Hospital to balance economy, 2009 plans
By Phyllis Moore
Published in News on January 5, 2009 1:46 PM
Wayne Memorial Hospital is not immune to the financial troubles that have the world on edge, but hospital President and CEO Bill Paugh says that despite the economic uncertainty, the hospital remains committed to improving facilities and care.
The hospital is in the process of making improvements in several areas, he said, including technology, new programs and infrastructure.
But hospital officials are keeping a close eye on money.
"We have made that commitment, and we'll carry through that commitment, but at the same time, you're watching things that typically are pretty stable, becoming very unstable in the marketplace," Paugh said.
Part of the financial crisis the hospital dealt with was its debt on previous projects, such as the energy plant. Officials were required to look at alternatives in terms of restructuring that debt while maintaining required cash on hand.
"The financial people would tell you, you don't want to have cash on hand that's not generating revenue," Paugh said. "This hospital has had a good portion of those dollars invested in equities, in the stock market."
It's a struggle, he admits.
"We're sitting here trying to do what we need to do to provide care in this community, and have an operating margin," he said. "We'd like for it to be 4 to 41/2 cents on a dollar, which it has been. Now it's more like one cent on the dollar. What do we have left over after paying all of our operating expenses over the year? It's actually a little over a penny (for every dollar)."
One of the main projects begun during the past year has been converting the hospital to Medi Tech, a computerized clinical and financial information system that affects virtually all departments.
Although there are already 2,000 hospitals across the country using the system, the latest version is relatively new and Wayne Memorial will only be the third hospital in the nation to introduce it.
Modifications are also being made to the hospital's nursing model -- from a team concept to a primary nursing model -- which entails moving the level of care closer to the patient rather than to the nursing station.
"What's this going to look like at the bedside? It's basically a computer on wheels, but it's much beyond that. It's a specially designed cart that allows the nurses to have the things available to her," Paugh said.
It's an expensive system and an expensive commitment from the hospital's standpoint, Paugh said.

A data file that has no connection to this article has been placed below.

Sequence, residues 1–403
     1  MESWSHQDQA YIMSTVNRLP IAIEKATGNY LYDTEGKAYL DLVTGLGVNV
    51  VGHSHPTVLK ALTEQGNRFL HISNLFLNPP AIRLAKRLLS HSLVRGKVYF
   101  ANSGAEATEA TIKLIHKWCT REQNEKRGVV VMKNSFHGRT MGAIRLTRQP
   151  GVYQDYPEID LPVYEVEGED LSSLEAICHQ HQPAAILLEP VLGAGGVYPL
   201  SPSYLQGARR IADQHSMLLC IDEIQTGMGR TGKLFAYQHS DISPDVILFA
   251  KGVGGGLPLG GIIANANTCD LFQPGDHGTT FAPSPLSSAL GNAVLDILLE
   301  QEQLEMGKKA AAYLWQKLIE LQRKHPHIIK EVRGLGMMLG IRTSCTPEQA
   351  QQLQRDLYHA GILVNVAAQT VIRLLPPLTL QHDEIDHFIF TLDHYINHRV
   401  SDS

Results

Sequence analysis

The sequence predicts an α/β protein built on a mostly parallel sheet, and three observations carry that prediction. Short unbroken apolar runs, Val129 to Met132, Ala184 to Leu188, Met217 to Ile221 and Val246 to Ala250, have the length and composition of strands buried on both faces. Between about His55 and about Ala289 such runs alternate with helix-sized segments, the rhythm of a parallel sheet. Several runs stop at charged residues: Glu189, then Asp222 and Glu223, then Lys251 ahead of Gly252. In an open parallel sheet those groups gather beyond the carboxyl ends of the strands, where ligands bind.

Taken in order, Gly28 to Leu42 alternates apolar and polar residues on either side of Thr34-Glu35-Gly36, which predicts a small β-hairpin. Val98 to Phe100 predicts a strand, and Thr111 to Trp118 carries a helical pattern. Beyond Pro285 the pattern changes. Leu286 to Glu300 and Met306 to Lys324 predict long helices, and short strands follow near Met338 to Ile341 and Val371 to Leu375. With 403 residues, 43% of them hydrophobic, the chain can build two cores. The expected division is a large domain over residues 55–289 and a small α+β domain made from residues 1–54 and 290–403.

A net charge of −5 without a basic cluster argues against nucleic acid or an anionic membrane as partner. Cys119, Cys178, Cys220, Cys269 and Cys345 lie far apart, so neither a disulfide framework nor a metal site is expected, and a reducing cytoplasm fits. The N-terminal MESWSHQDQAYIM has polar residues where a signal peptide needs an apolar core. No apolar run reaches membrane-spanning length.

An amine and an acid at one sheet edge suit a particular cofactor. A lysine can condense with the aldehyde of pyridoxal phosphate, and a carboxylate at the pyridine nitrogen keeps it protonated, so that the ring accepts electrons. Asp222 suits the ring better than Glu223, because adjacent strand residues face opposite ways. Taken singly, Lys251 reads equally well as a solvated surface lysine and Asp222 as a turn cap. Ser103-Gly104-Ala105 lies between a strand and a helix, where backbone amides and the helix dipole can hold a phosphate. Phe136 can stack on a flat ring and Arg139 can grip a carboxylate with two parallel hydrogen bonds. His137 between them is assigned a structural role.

"It's really taking a look at how we want care provided at the bedside. We really wanted to make sure that they have the information available to help him or her," he said.
Wayne Memorial regularly measures itself against similar-sized hospitals, Paugh said, to ensure patients are getting the best care possible.
"We feel like we can document and we have got the statistics to be able to show that this institution is an institution that provides quality care. As you ride by this place every day, you wouldn't see the changes, but a lot of time and attention to make sure the infrastructure is there and supports what we're trying to do."
The hospital stacks up well comparatively, its president says.
"We feel fortunate, we have worked very closely with Wayne Community College in terms of trying to provide scholarships for folks that are from here, if you will, to go to the community college and get nursing degrees. We have been successful in terms of reducing the number of slots that we deal with in terms of contract labor."
Public perception is important, he said.
"More than 93 percent of our in-patients that we see here agree with the statement that 'overall I'm pleased with the quality of care provided at Wayne Memorial Hospital,'" Paugh said. "That's a huge measure for us aside from the things from the inside that one would define quality medical care as."
The emergency department is also monitored, with level of satisfaction running about 83 percent, Paugh said. That is impressive, he noted, considering that department registers about 50,000 visits a year.
"I think having people who have recently been treated here seeing it as positively as they do, I just wish I could figure out how to make those who have concerns view it this way," Paugh said. "I'm not going to compare myself to a swan, maybe a duck -- what you can't see below the water line."
Looking to the year ahead, Paugh said the economy will remain a big issue for many reasons -- funding construction and other projects as well as the job market and insurance among them.
But the major challenge, he said, will be to continue to enhance services the hospital provides despite the economic uncertainty.
"When you need health care, you need it now," he said.
Fortunately, Paugh said he feels confident in the product Wayne Memorial offers.
"This community is very blessed to have the level of sophistication and complexity that it does. You don't expect to find that in a community this size. We have got to continue to work to make sure that for those in the next generation of folks, that we continue to make sure that we, as we have done in the past, have the ability to recruit and retain folks who can provide that level of expertise."
Another area in which the hospital plans to continue to work is recruiting physicians.
"There are a lot of moving parts for that equation as well -- primary care and the fact that not as many people are choosing that as a career path for the future, and what can you do to make this medical community a community that someone would want to come and practice in and stay and spend their career?" he said. "It really affects the other specialties as well, in terms of what physicians coming out of residencies are looking for."
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